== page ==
CardioWise™ Receives US FDA 510(k) Clearance for Stretch Quantifier for Endocardial Engraved Zones (SQuEEZ) Heart Function Analysis Software
The 510(k) premarket notification letter indicates that the FDA has determined that SQuEEZ may be legally marketed in interstate commerce according to its indications for use. SQuEEZ is an image analysis software application for cardiac Computer Tomography (CT) studies to assist cardiologists and radiologists in assessing function when producing a cardiac evaluation.The software calculates a Stretch Quantifier for Endocardial Engraved Zones (SQuEEZ) value to highlight and color code motions of the heart wall. Additional tools are provided to display regional motion properties of the heart.
CardioWise, Inc. Named a Top-Ten Finalist in Best Cardiovascular Digital Diagnostic Category by UCSF Health Hub
The University of California San Francisco (UCSF) Health Hub has selected CardioWise, Inc. a Digital Health Awards 1st Round (Top Ten) Finalist in its Best Cardiovascular Digital Diagnostic category. The goal of UCSF Digital Health Awards was to select companies that promote faster, better, more cost-effective healthcare by improving outcomes such as shorter hospital stays, reduced patient and insurer costs, faster cures, and happier doctors and patients. The awards are intended to showcase new technologies that are dramatically improving healthcare through innovative means, to benefit society and to reduce the onerous cost burden. Over 500 companies participated, representing thirteen categories, with over 100 judges.
CardioWise™ Stretch Quantifier for Endocardial Engraved Zones (SQuEEZ) Receives Patents from Both the United States and the European Union
CardioWise, Inc., is pleased to announce two significant patents protecting its heart function analysis software, Stretch Quantifier for Endocardial Engraved Zones (SQuEEZ). The European Union Patent Number 12839978.9 was awarded on February 2, 2019, followed closely by the U.S. Patent on June 7, 2019 (patent application number 14/350,991). Both patents are entitled “Methods for Evaluating Regional Cardiac Function and Dyssynchrony from a Dynamic Imaging Modality using Endocardial Motion,” and were awarded to The Johns Hopkins University (JHU) for its pioneering work on a mathematical software algorithm that utilizes cardiac Computed Tomography (CT) data to determine the regional contractile function of the heart muscle at high resolution.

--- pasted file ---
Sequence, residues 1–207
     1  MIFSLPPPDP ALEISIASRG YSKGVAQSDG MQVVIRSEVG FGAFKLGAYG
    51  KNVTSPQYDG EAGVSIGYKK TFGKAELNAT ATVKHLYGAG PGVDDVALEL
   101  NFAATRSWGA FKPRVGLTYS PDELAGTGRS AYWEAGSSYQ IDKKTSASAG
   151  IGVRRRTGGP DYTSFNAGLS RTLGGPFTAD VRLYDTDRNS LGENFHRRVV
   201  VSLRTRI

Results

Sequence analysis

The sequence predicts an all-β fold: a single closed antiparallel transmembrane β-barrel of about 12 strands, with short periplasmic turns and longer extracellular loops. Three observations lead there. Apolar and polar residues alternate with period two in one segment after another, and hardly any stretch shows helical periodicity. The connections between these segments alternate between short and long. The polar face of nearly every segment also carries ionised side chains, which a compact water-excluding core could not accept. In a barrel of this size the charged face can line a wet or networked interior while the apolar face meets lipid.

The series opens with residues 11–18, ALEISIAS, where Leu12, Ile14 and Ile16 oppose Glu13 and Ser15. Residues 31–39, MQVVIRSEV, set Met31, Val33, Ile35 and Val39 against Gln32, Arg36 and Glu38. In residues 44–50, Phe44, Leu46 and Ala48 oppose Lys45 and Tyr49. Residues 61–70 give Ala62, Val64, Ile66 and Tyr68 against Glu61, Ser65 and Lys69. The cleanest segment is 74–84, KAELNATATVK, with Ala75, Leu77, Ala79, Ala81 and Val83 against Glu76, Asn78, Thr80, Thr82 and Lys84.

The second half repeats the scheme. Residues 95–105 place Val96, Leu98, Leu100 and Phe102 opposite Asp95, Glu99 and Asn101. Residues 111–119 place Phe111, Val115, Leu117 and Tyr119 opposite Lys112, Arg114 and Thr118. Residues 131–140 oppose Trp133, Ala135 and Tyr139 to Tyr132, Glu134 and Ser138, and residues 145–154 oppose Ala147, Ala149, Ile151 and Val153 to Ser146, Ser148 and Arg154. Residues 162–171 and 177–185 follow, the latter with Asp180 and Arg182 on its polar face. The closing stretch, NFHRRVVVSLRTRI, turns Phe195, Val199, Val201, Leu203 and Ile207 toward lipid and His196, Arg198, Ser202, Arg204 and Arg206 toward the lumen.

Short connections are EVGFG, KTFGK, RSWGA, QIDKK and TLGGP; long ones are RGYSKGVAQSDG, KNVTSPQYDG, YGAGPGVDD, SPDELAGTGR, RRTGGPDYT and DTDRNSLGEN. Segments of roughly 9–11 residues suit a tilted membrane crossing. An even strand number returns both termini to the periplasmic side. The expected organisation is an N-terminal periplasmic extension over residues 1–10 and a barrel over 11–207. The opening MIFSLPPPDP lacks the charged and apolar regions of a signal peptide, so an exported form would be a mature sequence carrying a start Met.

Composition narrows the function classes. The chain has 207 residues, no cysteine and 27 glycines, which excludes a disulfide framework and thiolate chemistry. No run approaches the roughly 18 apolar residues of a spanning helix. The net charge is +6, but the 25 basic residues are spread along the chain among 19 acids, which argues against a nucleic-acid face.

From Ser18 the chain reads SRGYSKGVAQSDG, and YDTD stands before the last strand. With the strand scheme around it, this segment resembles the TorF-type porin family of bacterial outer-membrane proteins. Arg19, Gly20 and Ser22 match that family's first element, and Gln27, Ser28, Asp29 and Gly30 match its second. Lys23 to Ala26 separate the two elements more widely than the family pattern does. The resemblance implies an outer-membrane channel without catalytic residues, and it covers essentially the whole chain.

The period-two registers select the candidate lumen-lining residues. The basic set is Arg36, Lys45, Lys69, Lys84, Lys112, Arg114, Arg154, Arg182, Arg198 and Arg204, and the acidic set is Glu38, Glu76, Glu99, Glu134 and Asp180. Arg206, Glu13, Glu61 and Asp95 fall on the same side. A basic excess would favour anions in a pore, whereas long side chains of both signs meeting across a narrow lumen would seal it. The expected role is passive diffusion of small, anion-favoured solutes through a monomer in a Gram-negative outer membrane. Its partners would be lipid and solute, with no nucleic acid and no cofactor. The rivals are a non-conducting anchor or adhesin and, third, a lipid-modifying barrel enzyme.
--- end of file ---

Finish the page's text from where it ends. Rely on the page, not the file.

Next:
CardioWise™ Acquires Worldwide Rights to Patent, and Software to Guide Cardiac Resynchronization Therapy Through License Agreement with Johns Hopkins Technology Ventures
CardioWise, Inc., is pleased to announce that the company has acquired the worldwide rights to Image Toolbox heart functional analysis software, and pending patent from Johns Hopkins Technology Ventures through a license agreement. The US Patent application was filed November 11, 2016. The software uses cardiac CT patient data sets to determine which heart failure patients may benefit from implantation of a Cardiac Resynchronization Therapy device and can guide the placement of leads to ensure that the device is effective. The Image Toolbox technology utilizes SQuEEZ cardiac functional analysis software that CardioWise
has also licensed from Johns Hopkins Technology Ventures.
CardioWise Announces Publication of Multiparametric Strain Analysis (MPSA) Clinical Research Funded by the National Institutes of Health
CardioWise, Inc., is pleased to announce that the company has acquired the worldwide rights to SQuEEZ heart function analysis software, and an associated pending patent from Johns Hopkins Technology Ventures through a license agreement. The U.S. Patent application was filed
April 10, 2014 and uses high resolution cardiac CT to analyze cardiac wall motion that provides extraordinary new insights to help physicians diagnose heart disease.
Radiomics for Cardiology
"In the future, radiologists won't simply be interpretors of imaging studies, but will be the curators of quantitative and descriptive data about disease processes that will enable computerized decision-support systems to improve diagnostic and prognostic accuracy, according to experts in the rapidly expanding field of radiomics." (From "Radiomics Could Change Role of Radiologists" by Paul Latour, RSNA)